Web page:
A half cup of spinach will get you all of the vitamin A and vitamin K you need for a whole day and then some.  And a variety of other things, including various B vitamins, some vitamin C, calcium and various other nutrients, including magnesium and vitamin E, which, as I’ve noted before, can be hard to come by.  It’s basically a super food that I don’t have to search the obscure corners of the grocery store for or import from another continent. 

But Popeye’s secret weapon isn’t the only leafy green thing that does good things for you.  Residents of the Holy Land south of the Mason-Dixon line (like myself) know that collard greens, in addition to being an excellent side for barbecue (something I think I mentioned when discussing how to combat COVID-19), are extremely good for you.  It has everything spinach has, although slightly less overall.  One exception to this is that it does have more calcium than spinach.  And unlike spinach, it is an excellent side dish for the blessed burnt offerings that come from a barbecue pit.  

Another thing I discovered recently was beet greens.  It was a bit strange, because my mother threw the greens away when I was a kid and just kept the beets themselves.  I guess her dark sisterhood of vegetable propaganda didn’t know about the nutritional value of beet greens.  It’s not quite so high on vitamin A and K as spinach or collards, but a little bit heavier on various minerals, like potassium, magnesium, and calcium.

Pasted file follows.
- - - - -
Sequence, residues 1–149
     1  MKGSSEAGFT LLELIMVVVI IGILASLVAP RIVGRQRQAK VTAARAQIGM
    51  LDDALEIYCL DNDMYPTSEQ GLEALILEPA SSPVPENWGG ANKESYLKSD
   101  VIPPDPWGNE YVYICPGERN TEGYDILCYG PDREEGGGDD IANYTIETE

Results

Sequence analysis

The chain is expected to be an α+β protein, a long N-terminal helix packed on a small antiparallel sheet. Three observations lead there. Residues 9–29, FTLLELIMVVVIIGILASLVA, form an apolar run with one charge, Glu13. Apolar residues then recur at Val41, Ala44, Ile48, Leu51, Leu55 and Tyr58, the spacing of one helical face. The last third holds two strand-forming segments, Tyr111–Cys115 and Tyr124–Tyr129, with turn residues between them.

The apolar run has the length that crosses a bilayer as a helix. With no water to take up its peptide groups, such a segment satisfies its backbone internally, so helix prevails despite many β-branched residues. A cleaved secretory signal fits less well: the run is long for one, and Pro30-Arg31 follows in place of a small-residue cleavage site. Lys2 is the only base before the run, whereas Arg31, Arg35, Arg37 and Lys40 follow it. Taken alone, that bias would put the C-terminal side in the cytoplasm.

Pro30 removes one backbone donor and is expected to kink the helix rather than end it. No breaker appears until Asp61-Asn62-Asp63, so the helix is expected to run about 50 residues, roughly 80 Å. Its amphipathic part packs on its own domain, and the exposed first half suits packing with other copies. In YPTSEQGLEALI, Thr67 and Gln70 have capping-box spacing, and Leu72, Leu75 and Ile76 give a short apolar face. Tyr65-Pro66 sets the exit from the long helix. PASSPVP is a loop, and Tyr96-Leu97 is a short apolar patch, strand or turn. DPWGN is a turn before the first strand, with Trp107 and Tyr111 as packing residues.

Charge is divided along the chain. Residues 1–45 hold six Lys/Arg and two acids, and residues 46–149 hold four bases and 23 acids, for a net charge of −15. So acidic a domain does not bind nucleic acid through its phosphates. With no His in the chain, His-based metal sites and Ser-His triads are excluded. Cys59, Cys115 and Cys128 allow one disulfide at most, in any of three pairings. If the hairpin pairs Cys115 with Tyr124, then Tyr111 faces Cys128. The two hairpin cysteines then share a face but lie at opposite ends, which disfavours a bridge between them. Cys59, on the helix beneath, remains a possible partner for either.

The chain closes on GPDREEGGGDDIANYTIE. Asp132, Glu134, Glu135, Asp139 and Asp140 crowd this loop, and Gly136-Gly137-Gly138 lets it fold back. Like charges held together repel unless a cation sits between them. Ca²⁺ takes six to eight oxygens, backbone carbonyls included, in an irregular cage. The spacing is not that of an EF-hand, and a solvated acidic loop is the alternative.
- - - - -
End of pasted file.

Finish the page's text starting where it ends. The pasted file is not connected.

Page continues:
Another healthy thing that grows on top of other things we eat are turnip greens.  They, like most greens, are pretty good all around.  And they have a good chunk of calcium and vitamin E.  This is a pattern I noticed with the root vegetables we eat.  The part of these plants that’s above ground is better for us than the part we dig up.  Turnips themselves aren’t particularly impressive, both in terms of nutrition or taste.  And this is true with beets too, by the way.